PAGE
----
Egypt activists to stand trial
In the first case of activists being tried for protesting without permission
Egypt’s public prosecutor referred three political activists to trial on Thursday on charges including protesting without permission, Reuters reported a judicial source as saying.
It was the first case of activists being charged under the provisions of a new law criticized for stifling the right to protest.
The activists charged on Thursday include Ahmed Maher, founder of the April 6 movement that helped ignite the historic 2011 uprising against former President Hosni Mubarak, and Ahmed Douma, another prominent dissident.
They are also charged with assaulting police.
On Wednesday, meanwhile, a Cairo court freed on bail 23 Egyptian protesters from secular youth movements who were detained last week for holding an unauthorized demonstration, Agence France-Presse reported judicial sources as saying.
The protesters were detained for holding on November 26 what was the first illegal demonstration two days after interim president Adly Mansour passed a law banning unauthorized gatherings.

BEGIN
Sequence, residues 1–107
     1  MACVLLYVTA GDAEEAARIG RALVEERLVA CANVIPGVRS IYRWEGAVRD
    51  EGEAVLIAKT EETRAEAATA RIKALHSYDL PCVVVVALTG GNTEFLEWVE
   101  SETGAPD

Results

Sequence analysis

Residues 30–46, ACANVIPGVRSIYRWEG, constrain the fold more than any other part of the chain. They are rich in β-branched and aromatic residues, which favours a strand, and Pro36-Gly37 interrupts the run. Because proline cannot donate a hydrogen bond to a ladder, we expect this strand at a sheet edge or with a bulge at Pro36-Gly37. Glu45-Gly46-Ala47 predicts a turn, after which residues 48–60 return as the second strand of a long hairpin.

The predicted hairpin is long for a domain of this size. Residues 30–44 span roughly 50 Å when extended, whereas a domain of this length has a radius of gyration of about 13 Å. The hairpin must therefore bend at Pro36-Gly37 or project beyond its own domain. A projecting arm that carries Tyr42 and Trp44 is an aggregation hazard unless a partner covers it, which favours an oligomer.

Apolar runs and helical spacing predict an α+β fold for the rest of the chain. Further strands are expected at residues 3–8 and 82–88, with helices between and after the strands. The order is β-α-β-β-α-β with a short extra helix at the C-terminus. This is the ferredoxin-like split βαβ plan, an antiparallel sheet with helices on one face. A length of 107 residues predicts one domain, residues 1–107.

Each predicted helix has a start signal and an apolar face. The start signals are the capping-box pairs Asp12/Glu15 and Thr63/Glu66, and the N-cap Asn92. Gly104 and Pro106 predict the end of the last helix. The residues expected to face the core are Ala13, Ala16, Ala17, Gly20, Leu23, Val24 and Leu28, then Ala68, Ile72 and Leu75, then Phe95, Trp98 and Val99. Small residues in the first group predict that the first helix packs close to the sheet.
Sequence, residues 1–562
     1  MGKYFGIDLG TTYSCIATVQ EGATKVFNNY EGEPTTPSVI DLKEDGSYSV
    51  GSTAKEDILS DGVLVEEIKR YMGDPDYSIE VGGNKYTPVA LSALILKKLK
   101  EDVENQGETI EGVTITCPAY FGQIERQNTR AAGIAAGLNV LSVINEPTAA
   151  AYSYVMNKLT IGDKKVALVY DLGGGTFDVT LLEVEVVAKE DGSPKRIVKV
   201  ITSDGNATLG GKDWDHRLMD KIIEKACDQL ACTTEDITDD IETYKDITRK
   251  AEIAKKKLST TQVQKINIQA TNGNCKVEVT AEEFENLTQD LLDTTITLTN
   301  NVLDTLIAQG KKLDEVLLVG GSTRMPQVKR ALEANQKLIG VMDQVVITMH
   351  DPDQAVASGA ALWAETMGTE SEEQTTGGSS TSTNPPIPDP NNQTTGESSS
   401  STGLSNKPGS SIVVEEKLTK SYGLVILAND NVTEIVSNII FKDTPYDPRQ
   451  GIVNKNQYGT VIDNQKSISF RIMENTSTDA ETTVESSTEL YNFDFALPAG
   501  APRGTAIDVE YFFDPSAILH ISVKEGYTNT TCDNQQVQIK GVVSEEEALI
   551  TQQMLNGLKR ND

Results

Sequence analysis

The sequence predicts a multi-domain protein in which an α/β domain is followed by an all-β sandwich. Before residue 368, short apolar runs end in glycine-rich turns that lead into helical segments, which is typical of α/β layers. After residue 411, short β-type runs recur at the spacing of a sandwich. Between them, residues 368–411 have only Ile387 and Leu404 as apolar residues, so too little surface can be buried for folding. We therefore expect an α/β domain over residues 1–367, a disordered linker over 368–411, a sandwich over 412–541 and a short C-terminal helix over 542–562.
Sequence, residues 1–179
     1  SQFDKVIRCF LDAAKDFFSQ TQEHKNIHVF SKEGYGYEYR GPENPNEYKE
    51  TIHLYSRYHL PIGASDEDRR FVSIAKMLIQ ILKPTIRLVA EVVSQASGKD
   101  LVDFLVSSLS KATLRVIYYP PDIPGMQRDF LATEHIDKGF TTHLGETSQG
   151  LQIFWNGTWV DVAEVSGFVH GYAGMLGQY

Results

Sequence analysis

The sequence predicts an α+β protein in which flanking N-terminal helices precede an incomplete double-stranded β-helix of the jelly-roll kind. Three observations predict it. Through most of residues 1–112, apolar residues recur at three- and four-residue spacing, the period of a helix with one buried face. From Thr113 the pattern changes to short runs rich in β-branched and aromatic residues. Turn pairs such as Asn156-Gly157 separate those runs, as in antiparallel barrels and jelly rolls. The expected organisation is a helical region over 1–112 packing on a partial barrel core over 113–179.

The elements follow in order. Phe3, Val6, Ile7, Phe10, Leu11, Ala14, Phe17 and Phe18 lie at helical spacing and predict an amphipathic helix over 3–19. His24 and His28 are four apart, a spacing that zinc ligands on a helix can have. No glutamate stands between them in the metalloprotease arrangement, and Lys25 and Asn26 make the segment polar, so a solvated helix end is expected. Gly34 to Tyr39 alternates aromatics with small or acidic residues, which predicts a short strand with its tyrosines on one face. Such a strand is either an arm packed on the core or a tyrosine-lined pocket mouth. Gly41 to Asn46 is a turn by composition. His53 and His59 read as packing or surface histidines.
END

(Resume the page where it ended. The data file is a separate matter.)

They were protesting against a provision in the draft constitution that allows the military to prosecute civilians in certain cases.
The demonstration was held in front of the Shura Council in Cairo where a 50-member panel had been drafting the new constitution.
The draft charter was handed over to Mansour on Wednesday. He has a month to hold a referendum on it.
Judicial sources said the protesters were each freed on bail of 5,000 Egyptian pounds (about $725). They were accused of “rioting and breaking the protest law in front of the Shura Council.”
(With Reuters and AFP)
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